"Language is not neutral, it is loaded with meaning. It communicates to others how we as individuals, and as representatives of an organisation, interpret, evaluate and make sense. Being aware of the language we choose and the way in which we use it can be critical in determining whose view of ‘reality’ we are accepting, what power relations we wish to reinforce, what kind of world we wish to adopt, and the type of social work we wish to create."
How to use language when speaking about and documenting violence
The language we use to describe violence can conceal, mutualise (share the responsibility), minimise or relieve the perpetrator of responsibility. It can blame the victim or make her mutually responsible for the violence. This is the common discourse in society.
Alternatively, words can hold people who use violence accountable for their behaviour choices and recognise the people who are hurt by it.
Be clear about violence and who is responsible
- Use language that reveals the deliberate and patterned nature of violence and abuse
- Avoid words that mutualise violence or suggest consent. Words like ‘conflict’, ‘fight’ and ‘argument’ do not explain who did what to whom
- Avoid words like sex, intercourse and other phrases that eroticise violence and fail to identify who is using violence and who is being hurt by it
- Keep the acts of violence and the identity of the man who uses violence apparent in conversations and in all documentation.
|Don't say||Do say|
|The relationship is characterised by domestic violence.||Paul is violent towards Liz and he uses control tactics to scare, humiliate and control Liz.|
|They have a violent relationship||Paul hits, punches and intimidates Liz.|
|Violence in the relationship.||Family violence.|
|Incident between Paul and Liz.
Liz was assaulted.
Liz was hit.
|Paul has a pattern of violence, intimidation and coercive control that over the last year has diminished Liz’s self-esteem and undermined her as a parent. Liz is now suffering from severe stress and high anxiety and has turned to alcohol as a way of coping.|
|Paul’s use of violence against Liz.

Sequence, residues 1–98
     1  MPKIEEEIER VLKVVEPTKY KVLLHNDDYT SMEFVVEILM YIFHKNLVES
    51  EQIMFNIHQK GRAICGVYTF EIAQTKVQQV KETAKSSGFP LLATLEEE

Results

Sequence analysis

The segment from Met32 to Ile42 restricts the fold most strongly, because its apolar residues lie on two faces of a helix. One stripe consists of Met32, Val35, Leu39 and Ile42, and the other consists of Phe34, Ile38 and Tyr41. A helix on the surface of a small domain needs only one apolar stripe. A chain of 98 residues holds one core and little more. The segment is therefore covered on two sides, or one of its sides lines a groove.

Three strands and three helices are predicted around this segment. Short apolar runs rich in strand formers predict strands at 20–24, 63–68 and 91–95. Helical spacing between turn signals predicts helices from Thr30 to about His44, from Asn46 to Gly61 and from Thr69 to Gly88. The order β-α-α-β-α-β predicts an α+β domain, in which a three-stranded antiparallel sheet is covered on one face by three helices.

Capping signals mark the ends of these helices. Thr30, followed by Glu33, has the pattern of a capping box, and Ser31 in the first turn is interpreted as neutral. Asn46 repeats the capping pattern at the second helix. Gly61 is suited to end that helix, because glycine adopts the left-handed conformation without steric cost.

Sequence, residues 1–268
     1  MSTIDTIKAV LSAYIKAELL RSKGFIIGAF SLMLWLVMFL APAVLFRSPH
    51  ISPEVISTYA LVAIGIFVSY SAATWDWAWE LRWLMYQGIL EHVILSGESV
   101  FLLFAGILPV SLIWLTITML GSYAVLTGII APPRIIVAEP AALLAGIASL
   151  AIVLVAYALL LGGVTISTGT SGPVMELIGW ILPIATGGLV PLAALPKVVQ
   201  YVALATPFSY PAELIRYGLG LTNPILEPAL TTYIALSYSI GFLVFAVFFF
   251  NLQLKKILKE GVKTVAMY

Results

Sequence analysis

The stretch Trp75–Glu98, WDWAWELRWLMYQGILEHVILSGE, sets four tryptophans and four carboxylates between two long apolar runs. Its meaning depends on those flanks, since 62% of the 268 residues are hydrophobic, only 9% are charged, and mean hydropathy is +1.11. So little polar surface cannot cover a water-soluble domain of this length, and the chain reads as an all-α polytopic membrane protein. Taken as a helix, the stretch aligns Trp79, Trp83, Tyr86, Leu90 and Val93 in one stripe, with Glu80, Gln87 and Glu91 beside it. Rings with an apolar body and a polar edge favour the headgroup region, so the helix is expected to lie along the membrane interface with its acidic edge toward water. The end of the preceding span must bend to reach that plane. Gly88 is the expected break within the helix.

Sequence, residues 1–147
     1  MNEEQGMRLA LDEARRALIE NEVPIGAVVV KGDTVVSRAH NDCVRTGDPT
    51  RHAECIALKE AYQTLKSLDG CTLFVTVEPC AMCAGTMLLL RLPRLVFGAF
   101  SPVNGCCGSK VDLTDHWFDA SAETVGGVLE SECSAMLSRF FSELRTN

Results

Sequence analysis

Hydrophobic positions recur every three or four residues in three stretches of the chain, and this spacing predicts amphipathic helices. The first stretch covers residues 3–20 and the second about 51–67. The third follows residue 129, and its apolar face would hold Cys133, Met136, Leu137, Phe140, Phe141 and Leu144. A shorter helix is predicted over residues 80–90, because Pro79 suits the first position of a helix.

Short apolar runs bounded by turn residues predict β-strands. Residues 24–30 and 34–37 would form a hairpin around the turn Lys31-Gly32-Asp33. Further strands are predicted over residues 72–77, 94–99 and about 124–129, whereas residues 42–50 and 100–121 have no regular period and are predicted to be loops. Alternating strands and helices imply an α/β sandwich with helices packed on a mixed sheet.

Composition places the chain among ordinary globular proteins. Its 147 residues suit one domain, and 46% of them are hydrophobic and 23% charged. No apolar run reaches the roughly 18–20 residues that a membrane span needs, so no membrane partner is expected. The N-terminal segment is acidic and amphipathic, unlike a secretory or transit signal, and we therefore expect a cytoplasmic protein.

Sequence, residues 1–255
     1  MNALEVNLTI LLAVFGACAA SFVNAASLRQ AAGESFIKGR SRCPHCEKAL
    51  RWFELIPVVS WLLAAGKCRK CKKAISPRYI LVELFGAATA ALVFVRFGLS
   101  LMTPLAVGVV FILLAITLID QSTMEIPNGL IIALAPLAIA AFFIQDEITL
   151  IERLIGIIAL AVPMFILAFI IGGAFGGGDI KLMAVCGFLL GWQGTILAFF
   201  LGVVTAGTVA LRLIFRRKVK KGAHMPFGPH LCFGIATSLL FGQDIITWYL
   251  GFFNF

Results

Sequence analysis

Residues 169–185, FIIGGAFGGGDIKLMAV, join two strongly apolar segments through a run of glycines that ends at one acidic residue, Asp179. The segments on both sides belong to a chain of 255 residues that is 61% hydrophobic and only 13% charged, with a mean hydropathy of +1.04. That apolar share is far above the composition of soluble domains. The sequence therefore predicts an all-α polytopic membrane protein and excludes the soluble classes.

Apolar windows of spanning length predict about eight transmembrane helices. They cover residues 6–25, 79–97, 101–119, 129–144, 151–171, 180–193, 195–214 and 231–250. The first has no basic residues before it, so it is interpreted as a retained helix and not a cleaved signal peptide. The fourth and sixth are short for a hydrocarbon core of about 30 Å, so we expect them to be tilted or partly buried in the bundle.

Paul’s violence against Liz.
|Paul’s pattern of coercive control.
Pattern of violence and control.
Use of violence and control.
|Domestic and family violence.||Domestic and family violence.|
|He is a perpetrator of domestic violence.||Paul makes a choice to harm his partner and to undermine her as a parent; and to harm his children by damaging the functioning of the family, for example, by causing them to be homeless and transient.|
Compare these statements on violence
Statement 1: Magda is in a relationship that is characterised by domestic violence. Magda was assaulted during a domestic altercation.
- mutualises violence
- uses the term ‘domestic violence (relationship)’, implicating Magda as responsible in some way for her situation
- doesn’t explicitly report who hurt Magda or how
- doesn’t report what effect the violence has on Magda
- reports on a single incident with no mention of where it fits in a pattern of violence
- focuses on Magda with no mention of who is using violence.
Statement 2: Magda and Martin are in a relationship and live together with Magda’s two children. Martin regularly uses violence towards Magda. In his latest assault on her, Martin pulled Magda’s hair and pushed her head into a wall. Magda had swelling, bruising and a cut on her forehead as a result. She also hurt her wrist trying to defend herself against Martin. Magda says this level of injury is a fortnightly occurrence.
- makes it clear Magda and Martin are in a relationship and live together in a home with two children
- reports on a pattern of violence where Martin severely injures Magda
- details the way Martin has hurt Magda in this latest incident
- describes the injury Magda sustained as a result of Martin’s violence
- makes Martin the focus and subject when reporting on violence—‘Martin pulled Magda’s hair’
- makes Martin responsible for his use of violence against Magda.
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